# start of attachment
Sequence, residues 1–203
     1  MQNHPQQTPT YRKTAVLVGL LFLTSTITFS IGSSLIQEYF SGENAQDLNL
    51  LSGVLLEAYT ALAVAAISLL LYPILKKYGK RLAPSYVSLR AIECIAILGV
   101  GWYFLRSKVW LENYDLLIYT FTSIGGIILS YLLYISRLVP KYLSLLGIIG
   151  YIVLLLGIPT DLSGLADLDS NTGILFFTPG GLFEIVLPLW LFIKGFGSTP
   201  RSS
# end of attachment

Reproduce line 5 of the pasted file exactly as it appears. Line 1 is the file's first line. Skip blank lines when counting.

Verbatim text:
   151  YIVLLLGIPT DLSGLADLDS NTGILFFTPG GLFEIVLPLW LFIKGFGSTP